Estuary hydrogeomorphology affects carbon sources supporting aquatic consumers within and among ecological guilds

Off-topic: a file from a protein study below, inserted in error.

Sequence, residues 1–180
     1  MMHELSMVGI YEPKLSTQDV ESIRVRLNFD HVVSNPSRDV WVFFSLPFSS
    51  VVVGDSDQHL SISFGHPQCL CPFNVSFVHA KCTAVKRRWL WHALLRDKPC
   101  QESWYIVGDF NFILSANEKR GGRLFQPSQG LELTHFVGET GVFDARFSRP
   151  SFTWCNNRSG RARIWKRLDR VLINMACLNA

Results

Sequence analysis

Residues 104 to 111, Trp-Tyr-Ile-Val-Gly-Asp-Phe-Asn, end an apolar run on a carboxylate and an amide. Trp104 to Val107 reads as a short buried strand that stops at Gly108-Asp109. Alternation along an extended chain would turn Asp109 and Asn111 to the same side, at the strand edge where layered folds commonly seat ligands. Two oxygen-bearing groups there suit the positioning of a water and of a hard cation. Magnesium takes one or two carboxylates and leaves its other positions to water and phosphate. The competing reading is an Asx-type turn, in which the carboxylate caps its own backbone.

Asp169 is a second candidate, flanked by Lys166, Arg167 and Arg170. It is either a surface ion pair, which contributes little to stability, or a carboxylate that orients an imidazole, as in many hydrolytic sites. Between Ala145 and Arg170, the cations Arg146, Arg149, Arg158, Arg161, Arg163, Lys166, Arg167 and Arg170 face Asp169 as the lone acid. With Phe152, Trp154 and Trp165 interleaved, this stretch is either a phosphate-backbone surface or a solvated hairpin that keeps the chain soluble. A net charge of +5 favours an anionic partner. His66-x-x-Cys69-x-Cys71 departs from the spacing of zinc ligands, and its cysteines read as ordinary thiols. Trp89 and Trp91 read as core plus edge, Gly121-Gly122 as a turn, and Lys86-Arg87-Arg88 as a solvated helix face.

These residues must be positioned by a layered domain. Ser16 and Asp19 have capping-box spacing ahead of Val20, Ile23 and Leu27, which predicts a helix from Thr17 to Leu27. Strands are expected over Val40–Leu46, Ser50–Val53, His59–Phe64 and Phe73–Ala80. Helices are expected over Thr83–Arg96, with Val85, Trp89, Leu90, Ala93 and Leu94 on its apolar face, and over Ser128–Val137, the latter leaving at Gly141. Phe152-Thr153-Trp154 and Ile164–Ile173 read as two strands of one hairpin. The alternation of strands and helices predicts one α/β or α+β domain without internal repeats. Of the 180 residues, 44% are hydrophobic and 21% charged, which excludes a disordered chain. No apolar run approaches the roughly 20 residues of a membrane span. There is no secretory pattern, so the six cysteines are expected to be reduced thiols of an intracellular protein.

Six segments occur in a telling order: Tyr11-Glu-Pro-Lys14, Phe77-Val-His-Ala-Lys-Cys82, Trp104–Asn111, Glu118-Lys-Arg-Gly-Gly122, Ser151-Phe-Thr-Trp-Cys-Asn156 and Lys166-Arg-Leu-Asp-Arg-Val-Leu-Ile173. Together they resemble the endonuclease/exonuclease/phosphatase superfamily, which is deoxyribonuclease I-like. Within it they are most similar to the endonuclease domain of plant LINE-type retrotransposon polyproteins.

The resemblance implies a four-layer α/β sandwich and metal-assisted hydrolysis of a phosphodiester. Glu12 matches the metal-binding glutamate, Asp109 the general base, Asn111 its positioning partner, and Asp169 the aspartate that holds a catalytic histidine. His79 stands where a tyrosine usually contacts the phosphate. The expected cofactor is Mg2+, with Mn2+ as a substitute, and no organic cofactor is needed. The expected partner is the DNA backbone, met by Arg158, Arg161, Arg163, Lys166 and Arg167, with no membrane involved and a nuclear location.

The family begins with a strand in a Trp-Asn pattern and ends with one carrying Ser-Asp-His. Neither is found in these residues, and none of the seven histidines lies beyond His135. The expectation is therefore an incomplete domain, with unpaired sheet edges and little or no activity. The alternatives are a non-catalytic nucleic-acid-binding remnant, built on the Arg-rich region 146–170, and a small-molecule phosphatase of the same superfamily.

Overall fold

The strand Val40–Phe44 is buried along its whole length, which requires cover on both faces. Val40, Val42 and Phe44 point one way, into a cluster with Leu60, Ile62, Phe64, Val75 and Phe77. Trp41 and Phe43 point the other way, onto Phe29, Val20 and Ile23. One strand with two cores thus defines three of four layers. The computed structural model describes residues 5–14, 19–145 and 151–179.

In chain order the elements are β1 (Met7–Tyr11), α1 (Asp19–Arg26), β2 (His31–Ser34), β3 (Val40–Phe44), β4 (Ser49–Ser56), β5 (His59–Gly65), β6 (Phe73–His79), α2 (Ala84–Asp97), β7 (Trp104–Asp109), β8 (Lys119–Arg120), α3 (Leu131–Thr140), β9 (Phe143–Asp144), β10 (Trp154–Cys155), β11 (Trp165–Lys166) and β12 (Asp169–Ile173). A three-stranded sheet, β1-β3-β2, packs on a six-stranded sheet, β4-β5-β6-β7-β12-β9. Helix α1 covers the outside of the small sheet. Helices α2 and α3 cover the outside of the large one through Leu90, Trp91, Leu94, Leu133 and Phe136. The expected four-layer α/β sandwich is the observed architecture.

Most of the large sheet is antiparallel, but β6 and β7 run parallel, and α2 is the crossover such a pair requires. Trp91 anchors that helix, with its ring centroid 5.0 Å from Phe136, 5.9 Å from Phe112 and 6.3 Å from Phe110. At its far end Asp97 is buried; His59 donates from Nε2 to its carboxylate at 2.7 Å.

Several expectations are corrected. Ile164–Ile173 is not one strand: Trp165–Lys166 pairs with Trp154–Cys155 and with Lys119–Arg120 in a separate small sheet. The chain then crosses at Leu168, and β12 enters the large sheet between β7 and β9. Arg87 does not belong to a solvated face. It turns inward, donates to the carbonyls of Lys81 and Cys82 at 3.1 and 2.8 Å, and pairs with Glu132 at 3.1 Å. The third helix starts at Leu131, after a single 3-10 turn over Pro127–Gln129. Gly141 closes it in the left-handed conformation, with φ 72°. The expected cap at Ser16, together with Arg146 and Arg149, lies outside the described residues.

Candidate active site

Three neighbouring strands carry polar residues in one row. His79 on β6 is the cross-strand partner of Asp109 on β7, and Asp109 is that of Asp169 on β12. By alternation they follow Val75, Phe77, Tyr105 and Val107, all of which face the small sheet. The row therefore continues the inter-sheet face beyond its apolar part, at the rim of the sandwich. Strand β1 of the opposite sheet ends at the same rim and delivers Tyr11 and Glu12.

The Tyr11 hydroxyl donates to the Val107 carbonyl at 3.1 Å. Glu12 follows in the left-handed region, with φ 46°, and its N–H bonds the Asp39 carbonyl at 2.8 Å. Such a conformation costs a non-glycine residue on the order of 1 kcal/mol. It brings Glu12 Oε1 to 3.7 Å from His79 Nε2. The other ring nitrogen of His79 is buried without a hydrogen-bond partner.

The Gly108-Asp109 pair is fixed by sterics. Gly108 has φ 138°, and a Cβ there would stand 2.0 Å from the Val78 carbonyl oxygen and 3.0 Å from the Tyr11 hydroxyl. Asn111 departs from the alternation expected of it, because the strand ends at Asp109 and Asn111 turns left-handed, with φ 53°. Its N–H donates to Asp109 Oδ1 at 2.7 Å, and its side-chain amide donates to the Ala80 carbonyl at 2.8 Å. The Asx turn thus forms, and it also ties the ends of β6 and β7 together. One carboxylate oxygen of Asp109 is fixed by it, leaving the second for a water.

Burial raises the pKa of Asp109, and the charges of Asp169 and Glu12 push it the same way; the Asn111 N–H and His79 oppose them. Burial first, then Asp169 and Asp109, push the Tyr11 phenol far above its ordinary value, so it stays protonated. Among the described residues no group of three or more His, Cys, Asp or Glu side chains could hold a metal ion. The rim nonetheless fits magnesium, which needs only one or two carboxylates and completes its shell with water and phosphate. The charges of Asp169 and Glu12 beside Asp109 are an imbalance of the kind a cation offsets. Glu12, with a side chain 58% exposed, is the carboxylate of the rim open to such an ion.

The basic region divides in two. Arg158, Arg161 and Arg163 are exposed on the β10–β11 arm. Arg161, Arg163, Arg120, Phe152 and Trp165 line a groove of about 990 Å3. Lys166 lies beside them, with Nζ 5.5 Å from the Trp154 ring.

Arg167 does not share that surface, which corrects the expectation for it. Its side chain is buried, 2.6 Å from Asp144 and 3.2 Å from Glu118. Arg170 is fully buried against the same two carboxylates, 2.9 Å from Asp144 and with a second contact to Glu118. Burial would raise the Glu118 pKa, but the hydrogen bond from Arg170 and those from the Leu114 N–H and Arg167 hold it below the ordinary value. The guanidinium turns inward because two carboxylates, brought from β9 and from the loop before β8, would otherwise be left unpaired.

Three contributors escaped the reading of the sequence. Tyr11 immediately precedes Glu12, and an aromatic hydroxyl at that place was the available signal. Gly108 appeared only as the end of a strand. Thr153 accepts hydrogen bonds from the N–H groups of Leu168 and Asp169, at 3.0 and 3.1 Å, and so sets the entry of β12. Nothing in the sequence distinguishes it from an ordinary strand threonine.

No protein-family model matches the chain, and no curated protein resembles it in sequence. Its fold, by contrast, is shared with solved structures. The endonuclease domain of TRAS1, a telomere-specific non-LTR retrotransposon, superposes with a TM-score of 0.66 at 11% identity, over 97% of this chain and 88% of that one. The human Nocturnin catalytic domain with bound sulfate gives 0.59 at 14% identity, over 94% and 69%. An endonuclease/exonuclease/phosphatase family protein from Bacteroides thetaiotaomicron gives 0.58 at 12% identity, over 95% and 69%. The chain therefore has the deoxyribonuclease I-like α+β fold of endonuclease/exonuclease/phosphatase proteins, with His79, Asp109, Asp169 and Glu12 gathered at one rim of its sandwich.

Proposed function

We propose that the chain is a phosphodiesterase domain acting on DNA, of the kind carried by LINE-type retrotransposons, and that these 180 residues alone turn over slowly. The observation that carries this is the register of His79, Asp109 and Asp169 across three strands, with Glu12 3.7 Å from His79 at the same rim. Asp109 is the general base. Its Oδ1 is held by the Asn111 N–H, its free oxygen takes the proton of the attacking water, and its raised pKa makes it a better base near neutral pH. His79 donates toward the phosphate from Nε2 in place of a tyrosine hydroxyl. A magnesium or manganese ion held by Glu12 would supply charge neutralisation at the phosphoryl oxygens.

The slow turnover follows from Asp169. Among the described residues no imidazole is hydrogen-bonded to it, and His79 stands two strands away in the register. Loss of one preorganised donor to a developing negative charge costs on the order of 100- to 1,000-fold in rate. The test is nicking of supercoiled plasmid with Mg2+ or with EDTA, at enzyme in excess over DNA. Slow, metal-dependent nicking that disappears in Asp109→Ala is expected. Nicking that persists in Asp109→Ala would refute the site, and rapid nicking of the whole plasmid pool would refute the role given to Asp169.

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The relative importance of carbon sources supporting aquatic food webs within and among estuaries may be influenced by factors that affect relative availability of autotrophic carbon sources, as well as movement of individuals among marine, estuarine and freshwater zones. We used stable isotopes of carbon and nitrogen to examine (1) the relative importance of carbon sources supporting estuarine consumers among estuaries with different hydrogeomorphic characteristics, (2) stable isotope signatures of consumer ecological guilds defined by dependence on estuarine habitats and residence time, and (3) if patterns in stable isotope signatures of ecological guilds repeat across estuaries with distinct hydrogeomorphological features. At the assemblage level, consumer carbon isotope signatures reflected the consumption of locally abundant primary production sources and differed across estuary types (choked lagoon, coastal river). Consumer ecological guilds differed in 13C within sites, and the same trend repeated across sites but with differing magnitudes. This variation is attributed to movement and residence patterns in addition to differences in the relative abundances of autotrophic sources across sites. Although within-estuary variation in consumer resource use is to be expected, estuarine food webs may be broadly classified according to landscape-scale hydrogeomorphic factors that allow an initial prediction of the relative importance of carbon sources to secondary production. Predictions may be refined at the species level using knowledge of habitat use and residence time. Such predictions are useful as a starting point for poorly studied regions such as ours in southern Brazil, as well as for global-scale analyses of patterns in estuarine food webs. 2011 Springer Science+Business Media B.V.